MV Reflection – Production in Review
In a short 7 weeks we have conceptualised, planned, produced, and edited a music video. It is interesting to see how the product we have made both reflects our growth as practitioners and reveals the areas in which we must still develop. I want to divert away from discussing whether it is what I imagined it to be. The final product, in my opinion, can never be the same as your original envisioning; one is rooted in imagination and the other firmly in the bounds of reality. I think that is one of the gifts of working in the creative industries in the first place. What we first imagine never comes to fruition, and if it does it takes a form distinctly different from what manifested in our heads. That being said I am glad that the final product doesn’t divert from the concept we pitched. The planning, the desired imagery, and the overall goal were all kept in tact. Whilst some aspects of our brainstorming were kept and others discarded the project never lost its shape. The product we promised, I believe, is the product we delivered. We never had to rely on improvisation, a clear reflection of a strong pre-production workflow. Instead the vast majority of changes made were creative decisions that strengthened the final product visually.
Whilst we managed to follow our plan very closely there were of course elements that evolved, shifted and were subject to refinement. The process of showing a rough cut and fine cut sought to sand down the rough edges that naturally occur when attempting to realise an idea and I was pleased that the majority of the feedback we received reflected that. The advice Rohan gave was sanding and polishing rather than a request fire up the chainsaw. Experiments like my kaleidoscope digital bloom and Tessa’s fire experiments fell to the wayside but they made room for our stronger concepts to shine through. We made the decision to focus on a smaller amount of visual elements and instead really define them and, looking at the final product, I know this was the right decision. It gives the work a more distinctive visual profile and doesn’t detract from the overall concept of the music video.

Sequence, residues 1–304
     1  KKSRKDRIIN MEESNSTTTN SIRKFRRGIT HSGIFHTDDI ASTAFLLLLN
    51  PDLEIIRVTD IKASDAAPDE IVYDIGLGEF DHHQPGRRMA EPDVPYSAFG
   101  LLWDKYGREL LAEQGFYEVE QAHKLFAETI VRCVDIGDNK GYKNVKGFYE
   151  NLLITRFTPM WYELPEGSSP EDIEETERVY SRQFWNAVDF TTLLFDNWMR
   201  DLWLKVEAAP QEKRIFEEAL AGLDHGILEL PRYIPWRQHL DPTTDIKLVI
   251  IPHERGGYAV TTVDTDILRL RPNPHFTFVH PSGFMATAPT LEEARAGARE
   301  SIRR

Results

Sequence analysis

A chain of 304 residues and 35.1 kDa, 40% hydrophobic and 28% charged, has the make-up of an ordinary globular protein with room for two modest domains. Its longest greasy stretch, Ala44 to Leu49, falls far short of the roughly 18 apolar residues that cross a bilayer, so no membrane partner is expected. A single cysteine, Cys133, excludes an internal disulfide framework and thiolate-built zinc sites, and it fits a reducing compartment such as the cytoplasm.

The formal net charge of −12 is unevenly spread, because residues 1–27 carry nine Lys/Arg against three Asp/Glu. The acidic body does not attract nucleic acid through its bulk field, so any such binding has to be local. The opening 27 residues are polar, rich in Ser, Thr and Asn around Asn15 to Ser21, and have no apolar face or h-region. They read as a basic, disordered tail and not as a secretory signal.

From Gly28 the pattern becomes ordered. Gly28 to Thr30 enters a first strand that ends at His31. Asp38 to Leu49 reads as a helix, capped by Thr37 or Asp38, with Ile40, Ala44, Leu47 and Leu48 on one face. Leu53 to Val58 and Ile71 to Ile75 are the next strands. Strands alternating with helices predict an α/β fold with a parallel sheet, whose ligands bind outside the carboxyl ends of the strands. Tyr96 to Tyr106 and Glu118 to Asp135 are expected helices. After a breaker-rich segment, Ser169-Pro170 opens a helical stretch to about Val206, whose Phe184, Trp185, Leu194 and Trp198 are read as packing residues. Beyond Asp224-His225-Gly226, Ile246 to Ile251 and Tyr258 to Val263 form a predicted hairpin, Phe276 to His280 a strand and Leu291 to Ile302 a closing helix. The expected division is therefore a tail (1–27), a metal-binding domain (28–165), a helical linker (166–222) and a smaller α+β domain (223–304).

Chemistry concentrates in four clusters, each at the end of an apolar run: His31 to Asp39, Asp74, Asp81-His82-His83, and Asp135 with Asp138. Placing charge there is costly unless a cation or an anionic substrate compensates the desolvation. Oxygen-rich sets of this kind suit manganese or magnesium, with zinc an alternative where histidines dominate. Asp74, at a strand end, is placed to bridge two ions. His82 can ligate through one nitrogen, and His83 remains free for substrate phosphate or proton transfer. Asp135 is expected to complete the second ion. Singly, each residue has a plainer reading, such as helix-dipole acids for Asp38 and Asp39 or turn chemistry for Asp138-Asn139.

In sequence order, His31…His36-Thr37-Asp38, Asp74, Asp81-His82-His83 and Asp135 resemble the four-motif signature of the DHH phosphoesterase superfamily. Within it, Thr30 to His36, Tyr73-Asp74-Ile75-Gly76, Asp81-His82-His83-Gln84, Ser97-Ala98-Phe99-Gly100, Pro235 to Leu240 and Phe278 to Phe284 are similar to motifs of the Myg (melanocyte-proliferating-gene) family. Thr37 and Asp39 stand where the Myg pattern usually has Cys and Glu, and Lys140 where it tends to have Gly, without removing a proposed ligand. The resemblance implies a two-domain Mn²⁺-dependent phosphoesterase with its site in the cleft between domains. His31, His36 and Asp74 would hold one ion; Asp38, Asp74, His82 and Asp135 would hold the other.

Already knowing each other helped a lot with the group dynamic for this project. We naturally fell into the roles of pre-production, production, and post-production. This was an immeasurable help to the project as we knew what we could ask of each other. We were able to highlight the strengths and minimise our weaknesses we have as individual creators to make something that was better than what each of us could produce alone. San got to stretch his muscles as a producer, organising the projects and doing his best to cover the cracks left behind by Tessa and my own creative explorations. Tessa got to use her skills with a camera to create some incredibly beautiful cinematography, and I got to do my best to showcase both of these efforts in a cohesive and clean final music video. I learnt a lot from my team throughout the course of the production and found myself motivated by their dedication to their respective positions. I think our growth is more than obvious in the final work as I am proud to be able to say that we have created a clean, professional looking music video.
Whilst there is plenty of room for growth, each element of pre-production, production, and post-production having room for further refinement, I believe the strengths of our production outweigh its shortcomings. More practice will definitely be necessary on my behalf to hone my editing skills to better blend with the music. Whilst the job I did was to the best of my current ability, I know I have a long way before I reach a stage of seamless editing. Nevertheless this it was a pleasure to work with two of my favourite people on a project we were all really passionate about. Watching our work get closer and closer to what I see in the industry is hugely rewarding and I look forward to seeing how my next project will challenge me, both technically, and creatively.